In this weeks' Crossover, Dan followed up on lingering issue he had with his home ISP. In Dan's case, he had a fairly new cable modem, otherwise perfectly functioning network connection but large files downloaded from Apple's CDNs would regularly fail. Despite Dan's months of troubleshooting, the issue was only solved when his ISP came out and replaced his modem. The only difference? A newer firmware version on the new modem than the old.
Dan's experience reminded me of a problem that plagued my home several months ago. I had Cox's "triple play" bundle that included phone, Internet and TV and came bundled with a rented modem. I hated the idea of renting my modem from the cable company for many reasons, but it was the only option using their phone service. When I ditched my cable television for an antenna and my cable phone service for an OBi box with Google Voice I saw this as my opportunity to stop paying ridiculous modem rental fees and upgrade to a better modem. Cable company modems are notorious for being a generation or two behind in technology and usually come with crippled firmware.
After doing my research I bought a Motorola SB6121 SURFboard DOCSIS 3.0 cable Modem. The modem was listed as compatible with my ISP, had good reviews (over 1,200 predominately 5 star reviews on Amazon). A few months later I noticed a few times a day my connection drop for about 30 seconds and reconnect. These dropouts probably started out as soon as I replaced the modem, but it took me a few months to figure it out because it didn't always happen when I was in a position to notice. Because this was my modem and I had full access to the logs I could see what was going on.
For months, I tried to troubleshoot with my ISP. Hours on the phone with tech support and three separate house calls by Cox techs, each one supposedly more senior than the last showed no problem. I even swapped out the modem thanks to Amazon's generous exchange policy. The problem persisted. After investigation of my own, I found forum reports of other Cox customers having the same problem with this and other non-company modems. It seems to be an ISP issue but of course they'll never admit it.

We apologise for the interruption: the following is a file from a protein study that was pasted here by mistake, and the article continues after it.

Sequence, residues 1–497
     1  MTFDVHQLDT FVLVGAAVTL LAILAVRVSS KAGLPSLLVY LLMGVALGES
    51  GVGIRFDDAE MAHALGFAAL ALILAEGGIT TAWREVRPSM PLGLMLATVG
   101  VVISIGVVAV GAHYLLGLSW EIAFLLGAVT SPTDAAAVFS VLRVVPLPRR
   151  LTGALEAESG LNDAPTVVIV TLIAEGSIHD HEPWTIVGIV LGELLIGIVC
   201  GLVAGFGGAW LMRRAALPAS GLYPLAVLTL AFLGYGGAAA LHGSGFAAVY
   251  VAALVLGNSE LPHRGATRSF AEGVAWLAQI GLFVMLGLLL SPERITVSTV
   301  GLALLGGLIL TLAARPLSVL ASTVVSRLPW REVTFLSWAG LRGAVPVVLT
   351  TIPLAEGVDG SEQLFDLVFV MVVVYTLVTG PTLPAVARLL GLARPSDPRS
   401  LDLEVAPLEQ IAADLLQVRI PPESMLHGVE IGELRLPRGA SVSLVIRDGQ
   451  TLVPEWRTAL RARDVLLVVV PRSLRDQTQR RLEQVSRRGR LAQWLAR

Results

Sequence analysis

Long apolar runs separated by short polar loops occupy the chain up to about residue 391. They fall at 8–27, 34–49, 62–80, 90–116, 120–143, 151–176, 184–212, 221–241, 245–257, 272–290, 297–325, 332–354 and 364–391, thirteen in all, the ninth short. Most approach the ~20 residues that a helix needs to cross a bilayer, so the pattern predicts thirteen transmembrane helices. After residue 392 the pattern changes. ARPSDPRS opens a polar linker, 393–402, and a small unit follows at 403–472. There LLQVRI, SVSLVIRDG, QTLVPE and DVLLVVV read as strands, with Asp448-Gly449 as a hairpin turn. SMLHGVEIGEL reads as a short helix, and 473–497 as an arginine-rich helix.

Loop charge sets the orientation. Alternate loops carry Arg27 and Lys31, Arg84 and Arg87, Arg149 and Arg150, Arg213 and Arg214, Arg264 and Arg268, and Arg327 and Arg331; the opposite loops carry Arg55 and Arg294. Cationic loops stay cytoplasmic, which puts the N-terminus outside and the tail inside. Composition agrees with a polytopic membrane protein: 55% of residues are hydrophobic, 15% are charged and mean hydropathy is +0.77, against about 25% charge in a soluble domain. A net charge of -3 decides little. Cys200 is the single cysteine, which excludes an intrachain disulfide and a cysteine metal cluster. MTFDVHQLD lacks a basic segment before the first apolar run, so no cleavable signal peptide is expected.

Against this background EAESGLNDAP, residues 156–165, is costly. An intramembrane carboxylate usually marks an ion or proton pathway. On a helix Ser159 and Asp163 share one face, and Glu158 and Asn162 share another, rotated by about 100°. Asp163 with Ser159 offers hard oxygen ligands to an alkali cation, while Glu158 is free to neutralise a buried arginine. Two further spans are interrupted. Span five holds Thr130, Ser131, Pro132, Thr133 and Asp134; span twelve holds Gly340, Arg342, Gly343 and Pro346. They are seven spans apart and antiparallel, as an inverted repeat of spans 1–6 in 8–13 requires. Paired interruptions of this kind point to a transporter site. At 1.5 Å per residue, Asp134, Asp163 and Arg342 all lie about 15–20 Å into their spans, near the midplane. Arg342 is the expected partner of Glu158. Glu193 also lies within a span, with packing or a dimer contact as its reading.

Desperate and exhausted, I swapped out my modem for one of the "off the truck" Cisco modems and my service has been stable ever since. Being back with the stock ISP modem means I'm locked out of all the administrative functions and have no access to the logs, apparently because it's for my own good. On the plus side, I was able to get Cox to give me the modem rather than renting as compensation for my downtime all the time we've spent on this issue.
My point in all this is that as much as it pains me to say, there may be a case for opting forthe stock cable company modem for support and compatibility. I would just encourage you to do your research. Most cable companies offer a few different modems and you need to compare their features. Personally, I don't' like the combo modems and wireless routers as they tend to have fewer features and less range than bring your own access point. If you can, ask about buying your modem rather than renting.